GBP/EUR 1.1708 (0.8542)
It’s a busy week ahead with a raft of releases and interest rate decisions in the Eurozone & the UK. This morning have already had Australian retail sales come in lower than anticipated by 0.2% as the Australian dollar continues to lose ground against the US currency. If we look at the weeks headline releases and to Europe first, the ECB’s Governing Council will most likely keep all policy rates unchanged at its June meeting, while leaving all options on the table for the future, depending on the data. This is the result of slightly improving economic indicators (a rebound in both confidence surveys and inflation in May) and tactical considerations (the proximity of the last rate cut and the willingness to keep some powder dry).Staff forecasts could see the median projections for GDP being lowered again, albeit only modestly to around -0.6% in 2013, but this would most likely reflect past weaknesses (which was the main factor behind the May rate cut) rather than a change in scenario. The ECB will be likely to continue to expect a modest recovery to take shape in H2. Meanwhile the focus should remain on new initiatives to support SMEs as the ECB ponders its options while avoiding any direct involvement at this stage. All this does not necessarily mean that the ECB will disappoint. At the very least, the ECB should keep a dovish bias and stand “ready to act”, suggesting that a Refi rate cut in July cannot be ruled out.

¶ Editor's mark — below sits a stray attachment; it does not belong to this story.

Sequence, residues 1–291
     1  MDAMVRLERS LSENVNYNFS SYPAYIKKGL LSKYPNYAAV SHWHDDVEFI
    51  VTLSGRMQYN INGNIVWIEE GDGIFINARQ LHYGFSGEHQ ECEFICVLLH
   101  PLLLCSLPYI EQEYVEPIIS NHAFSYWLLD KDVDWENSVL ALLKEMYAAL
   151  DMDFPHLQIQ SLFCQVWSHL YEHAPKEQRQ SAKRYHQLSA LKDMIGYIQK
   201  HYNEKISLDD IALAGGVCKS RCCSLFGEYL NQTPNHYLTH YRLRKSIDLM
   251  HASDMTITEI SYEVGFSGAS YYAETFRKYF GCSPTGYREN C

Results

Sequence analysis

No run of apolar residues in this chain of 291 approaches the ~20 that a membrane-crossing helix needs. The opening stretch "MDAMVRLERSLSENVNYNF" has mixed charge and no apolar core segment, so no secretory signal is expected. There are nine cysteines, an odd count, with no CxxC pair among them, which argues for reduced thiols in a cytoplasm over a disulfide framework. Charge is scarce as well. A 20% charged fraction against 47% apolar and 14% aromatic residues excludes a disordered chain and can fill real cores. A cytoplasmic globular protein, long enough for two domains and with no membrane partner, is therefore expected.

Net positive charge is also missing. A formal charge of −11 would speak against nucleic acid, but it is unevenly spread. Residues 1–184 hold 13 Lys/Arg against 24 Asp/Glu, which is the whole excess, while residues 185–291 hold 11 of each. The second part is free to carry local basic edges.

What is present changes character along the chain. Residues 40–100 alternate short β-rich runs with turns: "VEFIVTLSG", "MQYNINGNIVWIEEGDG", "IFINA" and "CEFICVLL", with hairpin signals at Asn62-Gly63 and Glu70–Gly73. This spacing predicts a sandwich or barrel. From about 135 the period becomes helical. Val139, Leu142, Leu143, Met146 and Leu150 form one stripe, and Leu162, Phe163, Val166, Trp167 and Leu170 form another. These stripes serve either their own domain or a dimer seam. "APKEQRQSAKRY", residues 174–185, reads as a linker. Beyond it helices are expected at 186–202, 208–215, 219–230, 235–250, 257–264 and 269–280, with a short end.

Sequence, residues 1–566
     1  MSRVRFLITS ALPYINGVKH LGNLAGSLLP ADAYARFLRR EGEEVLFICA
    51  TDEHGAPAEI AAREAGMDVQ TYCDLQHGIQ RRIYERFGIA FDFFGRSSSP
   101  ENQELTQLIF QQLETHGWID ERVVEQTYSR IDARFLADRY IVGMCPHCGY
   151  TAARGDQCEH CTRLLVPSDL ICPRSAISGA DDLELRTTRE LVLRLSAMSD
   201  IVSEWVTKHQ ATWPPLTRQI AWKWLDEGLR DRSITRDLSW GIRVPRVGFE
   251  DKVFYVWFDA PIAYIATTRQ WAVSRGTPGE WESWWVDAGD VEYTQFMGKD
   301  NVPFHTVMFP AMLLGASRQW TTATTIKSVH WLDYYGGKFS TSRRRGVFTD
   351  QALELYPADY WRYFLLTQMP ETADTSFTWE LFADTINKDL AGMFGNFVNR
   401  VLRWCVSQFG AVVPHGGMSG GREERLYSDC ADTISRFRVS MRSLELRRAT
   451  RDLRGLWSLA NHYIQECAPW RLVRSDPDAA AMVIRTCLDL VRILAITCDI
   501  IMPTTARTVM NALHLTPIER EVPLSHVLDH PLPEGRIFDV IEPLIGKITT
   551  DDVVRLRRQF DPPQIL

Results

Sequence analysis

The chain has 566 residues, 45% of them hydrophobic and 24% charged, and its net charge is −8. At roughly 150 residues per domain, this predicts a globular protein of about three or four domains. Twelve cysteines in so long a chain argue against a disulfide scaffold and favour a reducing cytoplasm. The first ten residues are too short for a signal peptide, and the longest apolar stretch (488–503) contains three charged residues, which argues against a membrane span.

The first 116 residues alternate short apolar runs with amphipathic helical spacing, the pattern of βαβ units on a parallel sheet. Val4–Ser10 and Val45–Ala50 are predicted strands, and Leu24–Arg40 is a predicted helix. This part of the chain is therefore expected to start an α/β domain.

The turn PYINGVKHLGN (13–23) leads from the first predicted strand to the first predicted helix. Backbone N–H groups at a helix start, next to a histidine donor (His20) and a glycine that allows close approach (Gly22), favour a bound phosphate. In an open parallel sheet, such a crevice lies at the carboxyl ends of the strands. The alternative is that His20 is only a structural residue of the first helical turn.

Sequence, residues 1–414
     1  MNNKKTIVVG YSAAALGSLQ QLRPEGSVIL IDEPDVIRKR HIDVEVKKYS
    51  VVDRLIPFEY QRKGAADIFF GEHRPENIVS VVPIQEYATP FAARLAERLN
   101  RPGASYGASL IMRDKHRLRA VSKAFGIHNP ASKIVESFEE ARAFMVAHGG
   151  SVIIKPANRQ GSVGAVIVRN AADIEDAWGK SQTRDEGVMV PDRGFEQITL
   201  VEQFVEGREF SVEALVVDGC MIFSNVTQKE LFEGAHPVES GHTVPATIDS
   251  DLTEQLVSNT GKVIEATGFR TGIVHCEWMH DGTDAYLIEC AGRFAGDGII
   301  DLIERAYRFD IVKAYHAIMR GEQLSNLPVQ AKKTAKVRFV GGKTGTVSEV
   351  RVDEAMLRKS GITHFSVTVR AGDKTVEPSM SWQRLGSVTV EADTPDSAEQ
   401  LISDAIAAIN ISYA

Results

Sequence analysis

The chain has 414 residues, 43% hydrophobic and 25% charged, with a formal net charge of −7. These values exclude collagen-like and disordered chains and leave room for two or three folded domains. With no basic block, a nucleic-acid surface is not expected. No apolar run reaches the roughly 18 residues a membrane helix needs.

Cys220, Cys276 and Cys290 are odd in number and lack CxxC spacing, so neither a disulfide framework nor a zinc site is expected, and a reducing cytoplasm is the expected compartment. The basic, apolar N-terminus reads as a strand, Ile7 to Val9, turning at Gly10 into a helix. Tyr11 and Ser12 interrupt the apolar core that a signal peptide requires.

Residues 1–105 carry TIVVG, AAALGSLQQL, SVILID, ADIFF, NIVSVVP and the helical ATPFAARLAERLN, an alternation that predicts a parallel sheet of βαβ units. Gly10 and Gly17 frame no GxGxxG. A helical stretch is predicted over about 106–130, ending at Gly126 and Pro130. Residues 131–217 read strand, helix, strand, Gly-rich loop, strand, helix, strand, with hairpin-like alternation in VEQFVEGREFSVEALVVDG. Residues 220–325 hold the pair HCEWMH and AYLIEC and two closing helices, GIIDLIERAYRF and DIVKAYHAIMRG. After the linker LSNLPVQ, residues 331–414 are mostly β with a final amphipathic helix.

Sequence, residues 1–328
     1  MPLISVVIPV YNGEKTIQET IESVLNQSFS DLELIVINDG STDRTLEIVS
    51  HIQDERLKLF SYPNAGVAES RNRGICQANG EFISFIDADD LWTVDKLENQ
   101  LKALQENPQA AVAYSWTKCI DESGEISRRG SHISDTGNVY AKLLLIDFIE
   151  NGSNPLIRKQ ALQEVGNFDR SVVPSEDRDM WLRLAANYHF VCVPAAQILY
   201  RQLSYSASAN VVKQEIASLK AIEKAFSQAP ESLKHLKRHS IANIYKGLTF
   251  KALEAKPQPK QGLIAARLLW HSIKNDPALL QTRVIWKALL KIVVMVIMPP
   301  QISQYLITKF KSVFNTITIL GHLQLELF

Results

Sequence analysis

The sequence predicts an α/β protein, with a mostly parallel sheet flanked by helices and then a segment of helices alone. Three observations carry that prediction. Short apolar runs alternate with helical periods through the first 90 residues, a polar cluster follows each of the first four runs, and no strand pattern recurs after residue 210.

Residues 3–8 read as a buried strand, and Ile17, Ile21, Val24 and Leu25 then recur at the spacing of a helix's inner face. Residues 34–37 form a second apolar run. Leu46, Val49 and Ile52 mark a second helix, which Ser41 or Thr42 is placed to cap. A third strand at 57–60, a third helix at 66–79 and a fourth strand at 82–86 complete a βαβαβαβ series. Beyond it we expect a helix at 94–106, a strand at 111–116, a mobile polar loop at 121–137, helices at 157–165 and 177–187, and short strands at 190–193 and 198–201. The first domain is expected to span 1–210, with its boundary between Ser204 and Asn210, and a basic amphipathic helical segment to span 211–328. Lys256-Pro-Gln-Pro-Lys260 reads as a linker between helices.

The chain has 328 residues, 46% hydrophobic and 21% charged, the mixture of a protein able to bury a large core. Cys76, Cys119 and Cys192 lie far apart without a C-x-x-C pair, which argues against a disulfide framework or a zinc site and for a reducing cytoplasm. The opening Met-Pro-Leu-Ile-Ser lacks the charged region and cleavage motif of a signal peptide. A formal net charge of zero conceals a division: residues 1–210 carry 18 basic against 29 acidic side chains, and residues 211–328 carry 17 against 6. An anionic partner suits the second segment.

The Bank Of England will keep its target for asset purchases unchanged next week after industry reports that are forecast to point to an improving economic recovery, according to surveys of economists. The nine-member Monetary Policy Committee led by Governor Mervyn King, will keep quantitative easing at 375 billion pounds ($569 billion), according to the median of 43 economists in a Bloomberg News poll. The MPC will also keep its benchmark interest rate at a record-low 0.5 percent, another survey shows. The meeting will be King’s last before he retires and hands over to Bank of Canada Governor Mark Carney on July 1. With Inflation above the BOE’s target, King has been defeated for the past four months in a bid to expand QE as the MPC majority cautioned against the danger of stoking price expectations.
Recent weeks have brought a change in tone from the Fed, with a number of FOMC policymakers indicating a willingness to slow the pace of asset purchases in the coming months. A review of Fed communications suggests that the recalibration of the message does not stem from a perceived diminution of benefits from the current policy stance; the FOMC has cited improvements in interest-rate sensitive sectors like housing and auto as evidence that policy is working. Furthermore, asset purchases have supported risk markets, improving the net wealth position of households which can be viewed as having partially insulated consumption from the full impact of higher taxes. Nonetheless, the presence of a considerable fiscal drag suggests the Fed’s outlook has not improved markedly.
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